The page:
As a new member of the Division I National Student Athlete Advisory Committee, I was extremely nervous about my first meeting. The fact that the meeting was in conjunction with the NCAA Convention didn’t help calm any of those butterflies either. First arriving in Atlanta from Colorado, I expected some nice southern weather, but apparently that doesn’t exist. There wasn’t much of a change from the frigid Colorado air to the frigid Georgia air. My flight got in really early that day, so all I could do was sit around and wait for people to show up. At first, I was exhausted and seriously lacking enthusiasm, however, as student-athletes from across the country began to gather, my energy grew. I knew I was going to have an amazing experience.

One would think that 14 hours of daily meetings would put a damper on a convention, but in my opinion that was the best part. I learned more in our daily meetings than I have learned in a long time and that is all due to the amazing members of SAAC. Each and every member of SAAC brings something different to the committee and everything they bring is valuable. I could write an entire blog entry on the members of SAAC alone, as well as the liaisons. A couple of things that I want to cover are the Division I Business Session as well as the Honors Celebration/Dinner.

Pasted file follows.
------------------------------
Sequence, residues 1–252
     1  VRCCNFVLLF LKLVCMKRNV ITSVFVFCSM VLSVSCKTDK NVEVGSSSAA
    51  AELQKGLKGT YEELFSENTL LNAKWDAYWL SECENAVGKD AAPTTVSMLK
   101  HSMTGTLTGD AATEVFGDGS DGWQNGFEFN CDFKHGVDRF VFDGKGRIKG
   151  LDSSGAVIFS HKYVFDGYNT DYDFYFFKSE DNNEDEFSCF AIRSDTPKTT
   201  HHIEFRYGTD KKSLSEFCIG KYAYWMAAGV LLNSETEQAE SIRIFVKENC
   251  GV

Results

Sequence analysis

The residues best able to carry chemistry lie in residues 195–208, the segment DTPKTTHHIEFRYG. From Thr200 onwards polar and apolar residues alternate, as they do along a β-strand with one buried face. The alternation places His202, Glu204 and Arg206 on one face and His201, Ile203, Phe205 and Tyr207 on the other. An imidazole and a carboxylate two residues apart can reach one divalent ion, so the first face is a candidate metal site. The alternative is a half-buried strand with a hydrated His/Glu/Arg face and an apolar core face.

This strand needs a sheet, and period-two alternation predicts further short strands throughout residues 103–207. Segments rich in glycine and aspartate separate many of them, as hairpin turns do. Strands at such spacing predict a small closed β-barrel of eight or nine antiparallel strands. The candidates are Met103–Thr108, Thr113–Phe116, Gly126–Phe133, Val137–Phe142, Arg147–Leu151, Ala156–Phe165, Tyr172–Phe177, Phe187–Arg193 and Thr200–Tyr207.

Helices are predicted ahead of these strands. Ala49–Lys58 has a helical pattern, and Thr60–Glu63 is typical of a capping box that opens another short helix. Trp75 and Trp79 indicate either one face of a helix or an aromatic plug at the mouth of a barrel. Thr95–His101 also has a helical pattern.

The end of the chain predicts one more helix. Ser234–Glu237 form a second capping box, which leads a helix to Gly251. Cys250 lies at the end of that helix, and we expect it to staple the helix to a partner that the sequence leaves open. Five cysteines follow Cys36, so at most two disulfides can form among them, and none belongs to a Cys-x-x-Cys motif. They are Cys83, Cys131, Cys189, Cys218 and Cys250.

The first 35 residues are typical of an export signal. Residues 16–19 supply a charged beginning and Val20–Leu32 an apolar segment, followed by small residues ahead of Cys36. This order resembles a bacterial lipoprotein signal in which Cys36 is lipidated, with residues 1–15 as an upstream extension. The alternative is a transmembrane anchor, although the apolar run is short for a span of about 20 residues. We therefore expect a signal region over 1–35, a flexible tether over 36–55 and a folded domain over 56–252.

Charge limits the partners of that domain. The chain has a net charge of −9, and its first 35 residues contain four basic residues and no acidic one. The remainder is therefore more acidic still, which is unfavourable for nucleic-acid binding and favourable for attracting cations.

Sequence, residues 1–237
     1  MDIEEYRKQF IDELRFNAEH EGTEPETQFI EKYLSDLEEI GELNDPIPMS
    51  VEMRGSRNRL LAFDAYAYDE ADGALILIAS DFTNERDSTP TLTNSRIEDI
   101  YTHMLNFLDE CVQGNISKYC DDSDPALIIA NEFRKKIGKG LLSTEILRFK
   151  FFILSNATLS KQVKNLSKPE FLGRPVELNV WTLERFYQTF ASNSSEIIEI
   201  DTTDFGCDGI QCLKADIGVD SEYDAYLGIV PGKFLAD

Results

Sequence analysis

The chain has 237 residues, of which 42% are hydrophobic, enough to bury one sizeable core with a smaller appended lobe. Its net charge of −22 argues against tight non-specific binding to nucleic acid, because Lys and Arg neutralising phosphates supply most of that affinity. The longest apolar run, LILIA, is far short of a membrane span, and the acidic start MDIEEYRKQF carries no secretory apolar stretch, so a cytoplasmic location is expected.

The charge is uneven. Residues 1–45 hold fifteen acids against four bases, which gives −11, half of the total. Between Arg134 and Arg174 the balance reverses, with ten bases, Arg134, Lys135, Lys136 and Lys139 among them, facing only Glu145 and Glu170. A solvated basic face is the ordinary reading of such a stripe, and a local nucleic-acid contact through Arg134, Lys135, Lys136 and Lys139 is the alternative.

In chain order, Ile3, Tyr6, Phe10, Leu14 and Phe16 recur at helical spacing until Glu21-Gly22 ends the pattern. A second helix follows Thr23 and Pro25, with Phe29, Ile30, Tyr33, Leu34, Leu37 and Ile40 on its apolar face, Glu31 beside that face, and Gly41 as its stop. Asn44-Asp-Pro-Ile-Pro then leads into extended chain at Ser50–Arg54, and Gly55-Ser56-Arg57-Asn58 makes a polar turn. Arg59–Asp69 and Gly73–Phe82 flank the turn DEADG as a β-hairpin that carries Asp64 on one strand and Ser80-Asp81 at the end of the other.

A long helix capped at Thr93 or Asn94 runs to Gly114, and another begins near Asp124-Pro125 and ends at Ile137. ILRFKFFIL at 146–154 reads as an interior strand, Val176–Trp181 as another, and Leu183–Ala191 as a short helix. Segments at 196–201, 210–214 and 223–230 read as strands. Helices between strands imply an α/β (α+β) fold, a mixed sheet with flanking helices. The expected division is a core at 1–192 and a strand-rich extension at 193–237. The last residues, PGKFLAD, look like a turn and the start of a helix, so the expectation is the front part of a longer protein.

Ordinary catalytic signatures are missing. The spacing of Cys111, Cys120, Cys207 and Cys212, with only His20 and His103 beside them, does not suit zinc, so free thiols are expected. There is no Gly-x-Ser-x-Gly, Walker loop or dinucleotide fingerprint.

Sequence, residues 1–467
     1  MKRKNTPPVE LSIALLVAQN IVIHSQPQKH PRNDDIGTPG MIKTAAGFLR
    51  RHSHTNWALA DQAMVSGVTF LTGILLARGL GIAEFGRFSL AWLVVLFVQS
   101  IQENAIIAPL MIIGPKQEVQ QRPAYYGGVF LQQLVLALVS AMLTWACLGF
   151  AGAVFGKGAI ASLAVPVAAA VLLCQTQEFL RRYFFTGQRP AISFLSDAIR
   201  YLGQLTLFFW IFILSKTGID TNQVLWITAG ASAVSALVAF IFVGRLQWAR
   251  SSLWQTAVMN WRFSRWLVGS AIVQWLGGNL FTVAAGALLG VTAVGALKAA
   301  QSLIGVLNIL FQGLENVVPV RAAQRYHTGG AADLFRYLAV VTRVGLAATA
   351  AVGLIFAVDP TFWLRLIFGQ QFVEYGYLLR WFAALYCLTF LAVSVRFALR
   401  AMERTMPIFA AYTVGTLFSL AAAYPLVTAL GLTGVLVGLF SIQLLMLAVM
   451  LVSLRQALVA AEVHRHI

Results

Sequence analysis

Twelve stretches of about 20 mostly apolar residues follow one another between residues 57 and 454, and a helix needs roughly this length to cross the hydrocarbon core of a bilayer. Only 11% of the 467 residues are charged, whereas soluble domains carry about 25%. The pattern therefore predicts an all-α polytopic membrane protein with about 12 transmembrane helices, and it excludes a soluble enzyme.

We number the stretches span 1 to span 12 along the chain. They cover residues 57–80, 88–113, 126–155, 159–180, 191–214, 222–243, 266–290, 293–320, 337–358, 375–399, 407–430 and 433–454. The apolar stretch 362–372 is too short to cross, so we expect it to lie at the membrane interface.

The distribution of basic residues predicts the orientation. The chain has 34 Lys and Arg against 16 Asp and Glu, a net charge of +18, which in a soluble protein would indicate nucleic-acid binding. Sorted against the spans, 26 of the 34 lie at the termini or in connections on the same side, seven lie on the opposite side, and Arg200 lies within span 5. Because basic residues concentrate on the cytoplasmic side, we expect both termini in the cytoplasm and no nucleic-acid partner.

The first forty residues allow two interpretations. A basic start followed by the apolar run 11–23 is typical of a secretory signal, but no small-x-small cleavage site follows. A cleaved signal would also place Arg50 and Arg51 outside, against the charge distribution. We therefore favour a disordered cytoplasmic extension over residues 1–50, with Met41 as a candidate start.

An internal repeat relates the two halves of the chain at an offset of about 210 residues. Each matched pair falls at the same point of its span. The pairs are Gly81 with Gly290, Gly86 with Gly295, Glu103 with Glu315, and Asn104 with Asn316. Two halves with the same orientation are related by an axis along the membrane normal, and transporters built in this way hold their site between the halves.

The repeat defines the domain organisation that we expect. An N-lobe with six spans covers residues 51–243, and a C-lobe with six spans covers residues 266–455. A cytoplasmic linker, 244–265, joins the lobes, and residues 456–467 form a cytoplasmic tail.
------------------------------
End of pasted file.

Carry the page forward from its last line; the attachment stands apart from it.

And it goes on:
Now for those of you who have never been to a NCAA Convention, believe me when I say it is a tad intimidating. When you walk in there are chairs for all of the delegates as well as microphones throughout for people to give speeches if they so choose. Being in the same room with university presidents, NCAA staff members and athletic administration from all over the country is a humbling and, quite frankly, a nerve-wrecking experience. But the fact is that every single one of them is there for the same purpose, to enhance the experiences of student-athletes, creates an electrifying atmosphere.

With two high profile and semi-controversial pieces of legislation up for override during the convention, my first business session and the preparation for it was interesting to say the least. Proposal 2008-46, in the simplest of terms, added another week to the baseball season, going from 13 weeks to 14 weeks. As student-athletes we felt that it was important that the season did extend, allowing for more rest for the baseball student-athletes, as well as, more scheduling flexibility to ensure less missed class time. Because this was so important to us, our chair, Matt Baysinger, gave an amazing speech to the entire business session. Proposal 2008-59 was the more controversial of the two; the override would take sand volleyball off of the Division I Emerging Sports List. When there was a motion to discuss this proposal, I could feel the tension in the room rising. Delegate after delegate walked up to a microphone to explain why people should support or oppose the override and our very own Danielle Neault gave a rousing speech about why people should oppose the override and allow sand volleyball to stay on the ESL. It was amazing to see the passion and viewpoints that all of the delegates brought to their speeches. It reminded me of how lucky I am to be a DI student-athlete because there are so many people working hard to make sure that I succeed in all ways possible.